Microsoft shares are up 2% so far in 2013.
Earnings for the information-technology sector are expected to drop 2.9% for the quarter. The industrials sector is projected to fare the worst in terms of earnings, with an expected decline of 4.8%, according to FactSet.
The aggregate earnings-growth rate for the fourth quarter is 1.9%, limited by expectations for the technology, industrial and health-care sectors.
But overall, U.S. corporate earnings "so far haven't really failed to disappoint. They've come in pretty much in line, maybe a little bit to the upside," said Federated's Orlando.
Of the 54 companies in the S&P 500 that have reported earnings so far, FactSet said 65% have posted earnings above the mean estimate, and 69% have turned in sales above the average.
Outside of tech, results this week are expected from Starbucks Corp. (SBUX), Procter & Gamble Co. (PG), Union Pacific Corp. (UNP) and McDonald's Corp. (MCD)
In a light week for economic data, investors will receive reports on sales of new and existing homes in December, and Orlando expects to see continued improvement in the sector. The existing-home sales report is due Tuesday. The figures for new home sales are scheduled for Friday.
If this week's data were to come in below expectations, the market may take it in stride considering the time of year. "We're now in the middle of winter; you would expect that the numbers are going to be sloppy in winter," according to Orlando, who said that the people prefer to buy homes later in the year. "If we did miss on the numbers, I think the market would look past that."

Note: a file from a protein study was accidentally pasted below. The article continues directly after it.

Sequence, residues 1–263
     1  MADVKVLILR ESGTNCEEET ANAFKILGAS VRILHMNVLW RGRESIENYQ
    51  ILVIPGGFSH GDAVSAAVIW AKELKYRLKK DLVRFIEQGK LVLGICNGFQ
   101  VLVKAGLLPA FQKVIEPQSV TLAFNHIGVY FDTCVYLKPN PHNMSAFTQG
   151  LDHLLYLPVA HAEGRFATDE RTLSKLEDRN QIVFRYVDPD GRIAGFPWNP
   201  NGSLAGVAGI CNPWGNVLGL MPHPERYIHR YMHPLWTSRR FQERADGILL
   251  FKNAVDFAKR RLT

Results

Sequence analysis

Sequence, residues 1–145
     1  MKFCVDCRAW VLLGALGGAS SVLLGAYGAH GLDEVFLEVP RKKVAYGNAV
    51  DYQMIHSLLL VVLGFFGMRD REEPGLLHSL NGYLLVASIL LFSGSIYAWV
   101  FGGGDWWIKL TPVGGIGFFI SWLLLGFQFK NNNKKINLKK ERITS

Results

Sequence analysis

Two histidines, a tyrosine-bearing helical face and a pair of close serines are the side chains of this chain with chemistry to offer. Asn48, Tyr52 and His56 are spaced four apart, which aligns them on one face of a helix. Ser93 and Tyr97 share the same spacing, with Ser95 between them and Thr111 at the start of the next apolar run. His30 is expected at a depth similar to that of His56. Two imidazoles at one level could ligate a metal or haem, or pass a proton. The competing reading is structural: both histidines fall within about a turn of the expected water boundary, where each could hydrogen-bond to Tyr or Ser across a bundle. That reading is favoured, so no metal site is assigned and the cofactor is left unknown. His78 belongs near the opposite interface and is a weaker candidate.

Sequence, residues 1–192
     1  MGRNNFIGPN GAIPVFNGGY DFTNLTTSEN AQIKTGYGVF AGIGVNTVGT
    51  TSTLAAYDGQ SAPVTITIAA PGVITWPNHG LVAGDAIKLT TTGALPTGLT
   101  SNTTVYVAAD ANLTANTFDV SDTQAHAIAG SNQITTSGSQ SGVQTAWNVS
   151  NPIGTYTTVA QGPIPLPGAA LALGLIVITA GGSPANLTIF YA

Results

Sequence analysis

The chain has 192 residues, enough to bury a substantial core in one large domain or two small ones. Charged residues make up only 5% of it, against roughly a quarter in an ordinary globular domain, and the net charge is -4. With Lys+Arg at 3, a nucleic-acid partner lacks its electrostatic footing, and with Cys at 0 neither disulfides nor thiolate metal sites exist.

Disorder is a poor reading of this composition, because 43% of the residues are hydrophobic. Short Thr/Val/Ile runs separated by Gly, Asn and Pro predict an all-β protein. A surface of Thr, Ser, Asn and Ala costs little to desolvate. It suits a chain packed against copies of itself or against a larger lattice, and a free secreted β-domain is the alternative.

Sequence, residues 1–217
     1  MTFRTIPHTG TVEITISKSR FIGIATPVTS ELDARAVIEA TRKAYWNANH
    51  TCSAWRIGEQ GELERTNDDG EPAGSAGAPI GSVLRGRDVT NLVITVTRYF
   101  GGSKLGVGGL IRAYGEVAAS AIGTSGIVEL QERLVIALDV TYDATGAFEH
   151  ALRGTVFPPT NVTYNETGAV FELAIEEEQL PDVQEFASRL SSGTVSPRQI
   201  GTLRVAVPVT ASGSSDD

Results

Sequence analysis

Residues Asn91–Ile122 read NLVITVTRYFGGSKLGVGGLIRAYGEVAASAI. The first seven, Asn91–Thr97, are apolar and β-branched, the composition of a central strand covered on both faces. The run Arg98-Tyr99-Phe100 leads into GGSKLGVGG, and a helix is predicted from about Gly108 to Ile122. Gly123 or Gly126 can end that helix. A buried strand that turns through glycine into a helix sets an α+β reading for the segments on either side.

But the government's report on weekly jobless claims, due Thursday, could pressure stocks, said Banyan's Pavlik. The most recent data were "influenced by adjustments that may get straightened out this week, so you might see a little bit of an increase in initial claims," he added. "The Street may react a little bit negatively to that if they just read the top line, and not the actual report."
Stocks will enter the holiday-shortened week at multiyear highs, with Friday's gains aided by strong quarterly reports from General Electric Co. (GE) and by moves in Washington to resolve the debt-ceiling issue.
The S&P 500 finished Friday up to 1,485.98, its highest close since December 2007. It ended the week with a gain of 1%. The Dow Jones Industrial Average (DJI) picked up 1.2% and the Nasdaq Composite Index (RIXF) rose 0.3% for the week.
Pavlik said he felt "encouraged" and "impressed" by the stock market's performance lately. Many investors late last year had taken profit and prepared to be out of the market, he said, because they were nervous about the outcome of budget talks in Washington.
With an aspect of the budget crisis settled at the start of 2013, equities have "held up and have moved higher," aided by rotation out of Treasurys and other fixed-income asset classes.
But investors should still keep caution in mind, he cautioned, as Capitol Hill is poised to vote for pushing in-depth discussions about the raising the ceiling "down the road."